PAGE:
Surf’s Up: Freedom in the Water

Riding Free

Water sports are always sure to bring fun and enjoyment for all. But if there’s one watercraft that can allow for the greatest of freedom, it’s the surfboard.

Speeding over the curl of that perfect, cresting wave with a mist of blue water on your face is an experience beyond compare, and the surfboard is the instrument that makes it all possible.

peeding over the curl of that perfect, cresting wave with a mist of blue water on your face is an experience beyond compare, and the surfboard is the instrument that makes it all possible.

Like many sports, surfing can be practiced at virtually any age, but in order to excel, the water demands relentless discipline and athleticism. And it’s not without its share of danger. Ask any surfer, and they will say the risk is well worth the reward. This is a code shared among thrillseekers. Central to success is the surfboard itself, and it has quite a tale to tell. 

Surfboard Story

The surfboard is as an open vessel used for play and for sport on the ocean’s ever-changing current. But the roots of the craft have origins dating all the way back to Peruvian ancients, circa 3,000 BC. These early surf crafts were unearthed by archaeological digs in South America, proving that the prototypical surfboards were employed primarily as transportation modes across bodies of water. Civilizations past made use of the native totora reed (or Californian Bullrush) as the raw materials for their inventive floating devices. Imagine the thrill of that first successful float, heralding the expanse of possibilities for travel and trade. In early use, fishermen were likely to have laid prone atop the vessel. At other times, they are thought to have floated in a kneeling position while making use of a long stick of bamboo as a paddling device through the waters.

Around 300 AD, Polynesian settlers arrived in the Hawaiian Islands, and in tow came their rich he’e nalu culture. At this time, surfboards were quite large by today’s standards. They were essentially fashioned into solid, flat wood planks. Frequently used for fun, these early crafts also played a role in ceremony, training for rulers, and as a means to resolve disputes.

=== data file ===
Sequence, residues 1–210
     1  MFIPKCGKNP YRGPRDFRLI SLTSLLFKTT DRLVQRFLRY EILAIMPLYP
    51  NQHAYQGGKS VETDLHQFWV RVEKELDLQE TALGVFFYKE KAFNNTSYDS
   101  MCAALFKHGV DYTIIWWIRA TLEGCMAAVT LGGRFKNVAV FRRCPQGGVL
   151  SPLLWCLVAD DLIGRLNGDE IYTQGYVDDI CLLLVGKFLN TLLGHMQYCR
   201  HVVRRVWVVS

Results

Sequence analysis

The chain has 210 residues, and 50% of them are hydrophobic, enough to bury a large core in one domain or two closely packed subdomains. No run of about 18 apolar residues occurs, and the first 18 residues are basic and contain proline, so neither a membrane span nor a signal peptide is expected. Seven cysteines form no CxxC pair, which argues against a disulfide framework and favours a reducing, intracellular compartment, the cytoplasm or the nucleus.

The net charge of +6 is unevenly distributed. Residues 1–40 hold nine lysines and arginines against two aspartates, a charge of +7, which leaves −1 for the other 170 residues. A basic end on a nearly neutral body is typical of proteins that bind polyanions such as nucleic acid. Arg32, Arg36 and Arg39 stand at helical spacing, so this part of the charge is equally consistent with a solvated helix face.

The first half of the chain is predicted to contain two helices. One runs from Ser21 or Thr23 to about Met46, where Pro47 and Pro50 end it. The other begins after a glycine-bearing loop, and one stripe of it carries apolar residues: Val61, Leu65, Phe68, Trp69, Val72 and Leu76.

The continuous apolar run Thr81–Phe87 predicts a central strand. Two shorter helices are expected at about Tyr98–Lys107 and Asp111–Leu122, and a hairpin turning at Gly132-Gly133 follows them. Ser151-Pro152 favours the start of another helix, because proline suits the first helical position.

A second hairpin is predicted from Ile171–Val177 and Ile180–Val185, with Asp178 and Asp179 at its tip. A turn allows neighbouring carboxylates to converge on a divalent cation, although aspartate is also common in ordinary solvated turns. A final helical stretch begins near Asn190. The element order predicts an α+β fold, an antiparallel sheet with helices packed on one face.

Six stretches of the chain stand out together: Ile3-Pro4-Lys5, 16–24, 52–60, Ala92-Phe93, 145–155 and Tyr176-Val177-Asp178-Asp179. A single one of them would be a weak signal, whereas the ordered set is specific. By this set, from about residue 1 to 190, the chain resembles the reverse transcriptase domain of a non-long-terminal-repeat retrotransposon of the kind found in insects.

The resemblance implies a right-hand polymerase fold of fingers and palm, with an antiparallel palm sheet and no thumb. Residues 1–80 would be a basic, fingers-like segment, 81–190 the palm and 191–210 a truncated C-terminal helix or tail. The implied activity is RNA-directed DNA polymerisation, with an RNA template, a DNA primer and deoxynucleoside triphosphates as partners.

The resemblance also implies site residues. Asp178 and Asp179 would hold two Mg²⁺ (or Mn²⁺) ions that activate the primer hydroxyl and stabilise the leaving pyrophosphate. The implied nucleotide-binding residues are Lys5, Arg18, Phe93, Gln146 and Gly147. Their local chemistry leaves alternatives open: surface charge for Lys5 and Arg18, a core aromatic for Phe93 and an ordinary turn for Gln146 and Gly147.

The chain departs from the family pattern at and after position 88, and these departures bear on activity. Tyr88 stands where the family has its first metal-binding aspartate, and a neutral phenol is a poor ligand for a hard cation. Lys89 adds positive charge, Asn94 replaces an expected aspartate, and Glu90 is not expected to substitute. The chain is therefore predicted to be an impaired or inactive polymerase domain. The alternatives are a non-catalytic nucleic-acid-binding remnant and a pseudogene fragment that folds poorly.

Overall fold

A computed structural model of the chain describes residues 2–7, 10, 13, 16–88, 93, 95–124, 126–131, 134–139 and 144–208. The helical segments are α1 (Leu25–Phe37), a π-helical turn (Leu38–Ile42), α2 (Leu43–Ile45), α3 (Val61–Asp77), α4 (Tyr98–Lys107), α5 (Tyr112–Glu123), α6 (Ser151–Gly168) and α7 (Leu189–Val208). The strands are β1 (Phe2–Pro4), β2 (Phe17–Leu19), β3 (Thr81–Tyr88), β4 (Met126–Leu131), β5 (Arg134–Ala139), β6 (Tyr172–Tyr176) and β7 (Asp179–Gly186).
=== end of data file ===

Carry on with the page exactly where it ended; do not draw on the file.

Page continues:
Over the next sixteen hundred years, the surfboard’s evolution reached profound advancements. In the early 20th century, surfing gained mass popularity following the annex of Hawaii by the U.S. government. This fostered an unprecedented growth in surfing culture, and it wouldn’t end there.

Tom Blake introduced the first hollow surfboard, rocking the scene in 1929. This design became the first mass-produced surfboard, and it was picked up by numerous companies. The development of plastics following WWII also changed the game on the open water. A streamlined, big-wave model was introduced to the market in 1950 by George Downing.

The year 1970 saw the advent of Lightning Bolt, whose refined surfboard included none other than a lightning bolt image on deck. This proved to be a stellar business move for the company, as everybody wants to surf in style. In the 90’s, the longboard experienced life anew as lighter, three-finned surfboards became available. 

Shortly after the world entered the 21st century, surfing manufacturers got “on board” with the growing green movement. Using revolutionized bio-friendly materials, these surfboards proved to be a hit among environmentally-savvy surfers. With their playground located within the majesty of the ocean, it’s only natural that surfers embrace this trend.

Daring to Dream